repeatable difference; Red X (or Pink X‟s) captured
as a factor
          Continuing to Stage 2
Test      Comb.        Results   Conclusion
1         AWRB         3
                                 A. not Important
2         ABRW         102
3         BWRB         5
                                 B. Not Important
4         BBRW         47
5         CWRB         7
                                 C. Not Important
6         CBRW         72
7         DWRB         23        Pink X: Interaction w/ other
8         DBRW         30        factor(s)
9         EWRB         7
                                 ???
10        EBRW         20
11        FWRB         73
                                 Prob. Red X + Interaction
12        FBRW         18
Cap Run   D W FW R B   70
                                 Complete Reversal Effected
Cap Run   DB FB RW     4
  Factorial Analysis: D & F

           D Best           D Worst

F Best     4, 4, 3, 5, 7,   23, 18          Row Sum:
           7, 4                             25.4
           Avg: 4.9         Avg: 20.5
F Worst    73, 20           47, 102, 61     Row Sum:
                            47, 72, 70,     109.3
           Avg: 51.5        20; Avg: 57.8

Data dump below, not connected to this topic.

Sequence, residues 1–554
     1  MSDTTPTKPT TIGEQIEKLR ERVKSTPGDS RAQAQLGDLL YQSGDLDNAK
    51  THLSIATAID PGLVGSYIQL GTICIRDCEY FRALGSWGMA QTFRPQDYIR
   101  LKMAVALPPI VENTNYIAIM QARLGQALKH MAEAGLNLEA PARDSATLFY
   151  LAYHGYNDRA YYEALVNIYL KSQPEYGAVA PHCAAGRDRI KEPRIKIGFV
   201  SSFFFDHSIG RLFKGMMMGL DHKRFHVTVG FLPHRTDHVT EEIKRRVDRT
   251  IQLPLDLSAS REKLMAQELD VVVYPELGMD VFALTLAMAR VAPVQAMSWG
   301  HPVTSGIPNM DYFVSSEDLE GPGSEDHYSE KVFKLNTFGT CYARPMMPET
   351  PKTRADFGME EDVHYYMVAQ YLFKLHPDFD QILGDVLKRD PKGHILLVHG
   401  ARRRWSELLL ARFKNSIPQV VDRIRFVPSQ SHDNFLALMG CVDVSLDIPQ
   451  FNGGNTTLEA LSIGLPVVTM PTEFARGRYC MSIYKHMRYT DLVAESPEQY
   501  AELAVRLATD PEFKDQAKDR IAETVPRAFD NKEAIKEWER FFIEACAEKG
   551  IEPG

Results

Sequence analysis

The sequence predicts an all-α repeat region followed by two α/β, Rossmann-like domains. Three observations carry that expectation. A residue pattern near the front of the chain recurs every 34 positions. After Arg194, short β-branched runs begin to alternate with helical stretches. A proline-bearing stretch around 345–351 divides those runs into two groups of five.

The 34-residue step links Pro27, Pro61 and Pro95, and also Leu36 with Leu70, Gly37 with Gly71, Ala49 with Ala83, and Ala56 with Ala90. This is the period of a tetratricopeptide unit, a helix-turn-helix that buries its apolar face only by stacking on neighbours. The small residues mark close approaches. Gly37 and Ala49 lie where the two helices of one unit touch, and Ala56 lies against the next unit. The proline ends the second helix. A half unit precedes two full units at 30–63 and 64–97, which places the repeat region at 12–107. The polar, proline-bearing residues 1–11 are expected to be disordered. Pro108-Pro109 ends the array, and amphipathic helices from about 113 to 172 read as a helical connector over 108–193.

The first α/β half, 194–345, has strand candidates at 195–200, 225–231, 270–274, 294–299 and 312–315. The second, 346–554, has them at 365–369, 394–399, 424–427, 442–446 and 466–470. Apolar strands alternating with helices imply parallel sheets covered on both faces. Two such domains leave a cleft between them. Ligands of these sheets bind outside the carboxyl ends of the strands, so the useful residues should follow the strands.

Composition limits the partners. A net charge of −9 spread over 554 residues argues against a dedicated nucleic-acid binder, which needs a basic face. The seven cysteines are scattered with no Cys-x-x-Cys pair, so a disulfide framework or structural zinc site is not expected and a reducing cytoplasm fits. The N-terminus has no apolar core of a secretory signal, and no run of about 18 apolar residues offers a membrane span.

Diagonal   Column Sum:      Column Sum:     Diagonal
Sum: 72    56.4             78.3            Sum: 62.7
            Factorial Analysis:

D
    20.5  51.8   4.9  51.5  78.3  56.4
                  2                     2
 10.95

F
    51.5  57.8   4.9  20.5  109.3  25.4
                 2                       2
 41.95
                   D. Sum1  D. Sum 2 72  62.7
DF (interaction)                    
                           2              2
 4.7
             Factorial Analysis:
• Factor G is Red X: It has a 41.9 main effect
  on the process spread
• Factor D is a Pink X with 10.9 main effect on
  process spread
• Their interaction is minor with a contribution
  of 4.9 to process spread
• With D & F controlled, using a holding fixture
  to assure level and reduction in bowing (but
  with hardness and thickness tolerances
  open up leading to reduced raw metal costs)
  the process spread was reduced to 0.004”
  (.002) much better than the original target